This is a simple demonstration that requires a piece of copper and zinc and a sensitive electrical meter or other low current consumption electrical device. We use a precision motor called a low-inertia motor. Such a motor has almost no torque rating, but is instead designed to register motion using the smallest electrical current possible. Our low-inertia motor requires only around 15 microamps of current to spin.
To form the battery, the pieces of metal are connected to wires leading to the motor, and then the metals are submersed in cola, or any other fizzy acidic drink. The motor spins, showing that a chemical reaction is occurring between the metals and the acid in the drink. The acid forms an electrolyte - a liquid which takes an active chemical role in the process, and in doing do, allows an electrical circuit to be completed. In schools, the demonstration is usually performed with dilute sulphuric acid. When using cola, it is actually phosphoric acid that plays the role of the electrolyte. The diagram below shows what is happening. Oxidation at the zinc electrode destroys that electrode and liberates electrons in the metal. The zinc ions end up in the electrolyte. Copper and zinc have sufficiently different electrode potentials so as to produce a potential difference of over a volt between the electrodes (copper and zinc have electrode potentials of +0.34V and -0.76V respectively, measured with respect to a standard hydrogen electrode). The electrons liberated in the zinc thus flow to the copper and enter the electrolyte to combine with hydrogen ions from the phosphoric acid. The reduction associated with this reaction creates hydrogen gas.
The copper electrode should not decay as rapidly as the zinc, although there is a secondary reaction that can go on when the copper oxidises to produce copper ions, and electrons. This reaction, which is not shown in the diagram, is encouraged by single hydrogen ions H+ combining with water molecules H20 to produce oxonium ions H3O+. The oxonium ions take electrons from the copper, and thus the copper decays also. In addition, this undesirable reaction also serves to reduce the potential produced by the cell, since there is oxidation taking place at both electrodes.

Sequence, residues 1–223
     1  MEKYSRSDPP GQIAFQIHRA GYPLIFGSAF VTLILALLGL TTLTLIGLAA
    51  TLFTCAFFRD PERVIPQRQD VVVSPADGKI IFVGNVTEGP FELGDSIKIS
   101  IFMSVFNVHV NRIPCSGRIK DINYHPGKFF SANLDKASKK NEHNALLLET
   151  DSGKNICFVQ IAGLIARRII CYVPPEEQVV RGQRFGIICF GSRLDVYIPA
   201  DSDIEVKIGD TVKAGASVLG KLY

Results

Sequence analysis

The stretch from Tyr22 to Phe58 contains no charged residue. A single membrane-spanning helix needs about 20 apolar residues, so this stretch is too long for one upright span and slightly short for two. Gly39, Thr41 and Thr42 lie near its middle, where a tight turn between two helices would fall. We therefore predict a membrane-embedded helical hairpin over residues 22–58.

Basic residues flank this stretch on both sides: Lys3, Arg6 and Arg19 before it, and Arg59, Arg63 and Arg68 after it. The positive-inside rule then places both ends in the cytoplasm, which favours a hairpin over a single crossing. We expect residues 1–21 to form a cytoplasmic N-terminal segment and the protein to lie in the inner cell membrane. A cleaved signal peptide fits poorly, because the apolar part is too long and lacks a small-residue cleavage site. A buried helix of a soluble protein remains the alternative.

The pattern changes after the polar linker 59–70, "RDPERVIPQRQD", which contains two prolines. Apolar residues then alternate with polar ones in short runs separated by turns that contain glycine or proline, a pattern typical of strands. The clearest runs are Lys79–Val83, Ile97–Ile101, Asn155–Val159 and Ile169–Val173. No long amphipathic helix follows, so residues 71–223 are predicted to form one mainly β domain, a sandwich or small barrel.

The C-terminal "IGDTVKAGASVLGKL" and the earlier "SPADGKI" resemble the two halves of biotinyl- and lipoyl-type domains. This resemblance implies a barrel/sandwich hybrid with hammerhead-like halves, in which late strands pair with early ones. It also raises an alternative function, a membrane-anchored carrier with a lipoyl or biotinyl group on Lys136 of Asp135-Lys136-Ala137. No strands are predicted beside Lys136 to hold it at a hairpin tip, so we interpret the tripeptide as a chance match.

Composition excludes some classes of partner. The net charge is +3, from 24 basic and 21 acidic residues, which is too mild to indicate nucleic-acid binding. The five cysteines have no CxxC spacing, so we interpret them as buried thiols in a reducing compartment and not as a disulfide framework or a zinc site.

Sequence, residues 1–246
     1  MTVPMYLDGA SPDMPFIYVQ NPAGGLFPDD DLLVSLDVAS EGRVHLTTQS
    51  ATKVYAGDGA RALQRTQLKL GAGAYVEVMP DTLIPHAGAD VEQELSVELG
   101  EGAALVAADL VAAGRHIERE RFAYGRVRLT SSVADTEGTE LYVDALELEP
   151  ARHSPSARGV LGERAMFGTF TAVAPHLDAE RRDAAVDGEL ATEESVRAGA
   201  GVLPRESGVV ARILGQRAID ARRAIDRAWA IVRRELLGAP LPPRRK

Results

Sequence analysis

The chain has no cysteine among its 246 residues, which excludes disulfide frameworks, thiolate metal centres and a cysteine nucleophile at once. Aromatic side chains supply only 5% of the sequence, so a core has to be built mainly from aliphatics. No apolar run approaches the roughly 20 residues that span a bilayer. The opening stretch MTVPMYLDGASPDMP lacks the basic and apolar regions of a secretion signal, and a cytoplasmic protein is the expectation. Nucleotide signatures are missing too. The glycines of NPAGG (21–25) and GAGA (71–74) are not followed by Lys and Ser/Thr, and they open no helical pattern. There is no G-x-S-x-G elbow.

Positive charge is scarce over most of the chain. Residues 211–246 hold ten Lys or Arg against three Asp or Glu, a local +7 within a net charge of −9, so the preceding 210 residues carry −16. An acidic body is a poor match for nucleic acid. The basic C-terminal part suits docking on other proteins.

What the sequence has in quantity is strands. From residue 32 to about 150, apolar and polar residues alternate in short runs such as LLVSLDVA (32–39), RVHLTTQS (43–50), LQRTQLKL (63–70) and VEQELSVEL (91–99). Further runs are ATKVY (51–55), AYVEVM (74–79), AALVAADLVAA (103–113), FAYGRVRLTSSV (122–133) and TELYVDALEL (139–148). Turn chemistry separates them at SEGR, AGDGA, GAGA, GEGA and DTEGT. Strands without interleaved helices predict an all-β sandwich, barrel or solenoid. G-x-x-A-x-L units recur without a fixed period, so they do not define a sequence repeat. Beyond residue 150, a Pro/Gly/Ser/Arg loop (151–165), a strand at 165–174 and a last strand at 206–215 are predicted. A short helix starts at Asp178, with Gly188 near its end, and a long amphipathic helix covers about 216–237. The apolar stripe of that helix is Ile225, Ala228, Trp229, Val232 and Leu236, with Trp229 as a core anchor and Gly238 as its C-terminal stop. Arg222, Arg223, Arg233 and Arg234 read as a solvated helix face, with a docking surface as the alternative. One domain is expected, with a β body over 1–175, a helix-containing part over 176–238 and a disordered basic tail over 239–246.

The table shows the electrode potential chart, with the voltage values measured against a standard hydrogen electrode (which is taken to have the arbitrary value of zero). Any two metals sufficiently far apart in the table will form a battery, although some of the more reactive metals oxidise in air too readily and are so not clean enough to work properly when submersed in the cola.
Finally, instead of cola, try using a lemon, or even better, many lemons in parallel - then there is better accuracy in the term 'battery' applied to this demonstration. Vegetables work too, and the potato clock which can be bought in science toy stores, is a novel example.